Earth Sciences

open house snip 2016

Lamont Opens Doors to Earth Sciences at Open House

Nearly 3,000 people showed up to explore the Lamont-Doherty Earth Observatory’s campus and laboratories at the open house on Oct. 8. Watch the video and find out what it was all about.

by |October 19, 2016

The Coming Great Quakes in India and Bangladesh?

A new film takes viewers from the eastern highlands of India to the booming lowland metropolis of Dhaka, the capital of Bangladesh–and explores an ever-more detailed picture of catastrophic earthquake threat that scientists are discovering under the region.

by |October 18, 2016
Grad student Daniel Rasmussen drew a big crowd for the volcano simulations. This one is a concoction of Mentos and Diet Coke.

Getting Hands-On with Science at Lamont: Open House 2016

Thousands of visitors toured the labs and crowded around demonstrations at Lamont-Doherty Earth Observatory’s Open House on Saturday, often jumping in to help.

by |October 14, 2016
Robin Bell will serve as AGU president-elect for two years, then become AGU president in 2019. Photo: Lamont-Doherty Earth Observatory

Lamont’s Robin Bell Chosen as AGU President-Elect

The American Geophysical Union election results are in, and three Lamont-Doherty Earth Observatory scientists will be taking key leadership roles in the internationally influential Earth and space sciences organization.

by |October 13, 2016
Antarctica. Courtesy of the Long Term Ecological Research Network

What Happens to Ecosystems When Antarctica’s Ice Melts?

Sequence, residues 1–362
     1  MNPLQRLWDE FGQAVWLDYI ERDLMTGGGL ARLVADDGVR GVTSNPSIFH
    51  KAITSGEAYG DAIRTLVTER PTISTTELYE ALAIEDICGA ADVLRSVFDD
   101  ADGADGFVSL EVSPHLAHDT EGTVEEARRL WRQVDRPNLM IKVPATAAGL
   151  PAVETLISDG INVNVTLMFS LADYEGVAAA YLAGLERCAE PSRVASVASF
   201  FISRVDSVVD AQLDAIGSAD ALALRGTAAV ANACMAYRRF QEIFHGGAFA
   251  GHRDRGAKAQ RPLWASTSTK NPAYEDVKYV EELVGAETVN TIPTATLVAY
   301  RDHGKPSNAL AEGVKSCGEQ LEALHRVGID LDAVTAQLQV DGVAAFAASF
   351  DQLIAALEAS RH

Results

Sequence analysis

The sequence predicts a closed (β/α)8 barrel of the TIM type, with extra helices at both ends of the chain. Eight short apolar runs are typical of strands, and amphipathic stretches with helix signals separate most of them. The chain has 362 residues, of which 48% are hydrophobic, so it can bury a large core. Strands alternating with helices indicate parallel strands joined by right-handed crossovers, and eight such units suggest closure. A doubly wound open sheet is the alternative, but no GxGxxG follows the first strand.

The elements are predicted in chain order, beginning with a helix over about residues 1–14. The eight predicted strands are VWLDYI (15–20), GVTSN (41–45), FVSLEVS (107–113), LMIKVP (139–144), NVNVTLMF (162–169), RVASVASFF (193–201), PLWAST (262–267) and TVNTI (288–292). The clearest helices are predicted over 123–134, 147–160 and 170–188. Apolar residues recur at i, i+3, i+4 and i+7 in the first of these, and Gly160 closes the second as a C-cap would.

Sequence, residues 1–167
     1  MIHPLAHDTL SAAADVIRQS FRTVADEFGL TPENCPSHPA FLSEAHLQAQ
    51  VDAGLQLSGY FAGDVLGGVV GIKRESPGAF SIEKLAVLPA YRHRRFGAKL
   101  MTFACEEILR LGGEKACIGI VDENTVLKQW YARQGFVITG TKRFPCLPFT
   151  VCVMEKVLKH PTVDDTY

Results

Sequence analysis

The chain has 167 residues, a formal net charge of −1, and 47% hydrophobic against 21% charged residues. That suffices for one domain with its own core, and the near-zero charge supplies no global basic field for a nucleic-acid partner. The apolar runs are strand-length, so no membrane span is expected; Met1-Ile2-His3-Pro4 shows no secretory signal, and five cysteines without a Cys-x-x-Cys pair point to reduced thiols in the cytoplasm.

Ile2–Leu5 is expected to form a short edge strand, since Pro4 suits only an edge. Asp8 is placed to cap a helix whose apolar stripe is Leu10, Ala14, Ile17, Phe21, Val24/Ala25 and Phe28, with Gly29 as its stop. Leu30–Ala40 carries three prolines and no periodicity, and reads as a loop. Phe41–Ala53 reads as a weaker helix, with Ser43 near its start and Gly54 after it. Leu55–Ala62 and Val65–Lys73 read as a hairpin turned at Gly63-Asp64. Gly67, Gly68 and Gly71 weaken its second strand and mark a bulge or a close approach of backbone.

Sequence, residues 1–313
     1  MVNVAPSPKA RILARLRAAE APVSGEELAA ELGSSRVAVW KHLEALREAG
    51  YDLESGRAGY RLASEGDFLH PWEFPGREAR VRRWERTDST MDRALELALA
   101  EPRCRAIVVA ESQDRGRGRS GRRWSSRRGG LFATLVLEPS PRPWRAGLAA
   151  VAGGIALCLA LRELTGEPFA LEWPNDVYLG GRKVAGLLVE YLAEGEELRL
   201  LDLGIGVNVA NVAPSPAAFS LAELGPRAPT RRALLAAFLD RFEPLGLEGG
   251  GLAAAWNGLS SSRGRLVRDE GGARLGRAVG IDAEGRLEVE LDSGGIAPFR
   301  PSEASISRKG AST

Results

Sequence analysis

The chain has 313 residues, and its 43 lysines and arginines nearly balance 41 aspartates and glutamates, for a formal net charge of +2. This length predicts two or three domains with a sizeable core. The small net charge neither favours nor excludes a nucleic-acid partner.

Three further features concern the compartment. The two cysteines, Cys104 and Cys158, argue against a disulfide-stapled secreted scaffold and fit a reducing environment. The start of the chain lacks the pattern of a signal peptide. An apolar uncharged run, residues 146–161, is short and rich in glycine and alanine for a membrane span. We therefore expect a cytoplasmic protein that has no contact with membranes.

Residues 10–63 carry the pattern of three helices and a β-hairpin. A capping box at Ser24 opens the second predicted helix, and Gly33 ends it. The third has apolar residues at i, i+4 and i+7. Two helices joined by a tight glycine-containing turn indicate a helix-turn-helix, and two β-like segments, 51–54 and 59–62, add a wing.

A special section in the October issue of BioScience featuring research by Lamont-Doherty Earth Observatory scientists examines the effects of intense melting on two Antarctic ecosystems, tracking impacts all the way from microbial food webs to shifting penguin populations.

by |October 13, 2016
Fossilized leaves hold evidence of a sharp increase in carbon dioxide levels as the Antarctic ice sheet began to shrink 23 million years ago, a new study finds. This magnified image of a fossilized Litsea calicarioides leaf clearly shows the stomata, through which leaves take in CO2 and release oxygen. (Tammo Reichgelt/Lamont-Doherty Earth Observatory)

Ancient Leaves Link Loss of Antarctic Ice to a CO2 Spike

Twenty-three million years ago, the Antarctic Ice Sheet began to shrink, going from an expanse larger than today’s to one about half its modern size. Ancient fossilized leaves retrieved from a lake bed in New Zealand now show for the first time that carbon dioxide levels increased dramatically over a relatively short period of time as the ice sheet began to deteriorate.

by |October 12, 2016

Hurricane Experts: Earth Institute Resources for Journalists

With the approach of Hurricane Matthew, here are a few of the many scientists at Columbia University’s Earth Institute who can help journalists cover the story.

by |October 6, 2016
Sea  ice near the east coast of Greenland. All forms of ice in the Arctic are in rapid decline. (Margie Turrin/Lamont-Doherty Earth Observatory)

Red Flags Over the Arctic’s Future

A new white paper reviews climate impacts already underway in the Arctic, and examines further changes expected to take place even if the world meets the goals of the Paris Agreement. It will be presented today at a meeting at the White House of national-level science ministers and advisors from around the world.

by |September 28, 2016
Ben Holtzman and the Seismic Sound Lab take viewers on an entirely new sensory experience to see, hear and feel earthquakes from a vantage point inside the planet. Their SeismoDome show returns to Hayden Planetarium on Nov. 19, 2016, with a preview at Lamont-Doherty Earth Observatory Open House on Oct. 8.

Listening to Earthquakes – from Inside the Earth

Lamont scientist Ben Holtzman and the Seismic Sound Lab take viewers on an entirely new sensory experience to see, hear and feel earthquakes from inside the planet.

by |September 23, 2016

Exploring Obama’s Seafloor Canyons by Mini Submarine

Only a few people have ever explored deep inside the seafloor canyons that President Obama just designated a national marine monument. Bill Ryan is one of them. In this podcast he describes what his team saw and learned.

by |September 21, 2016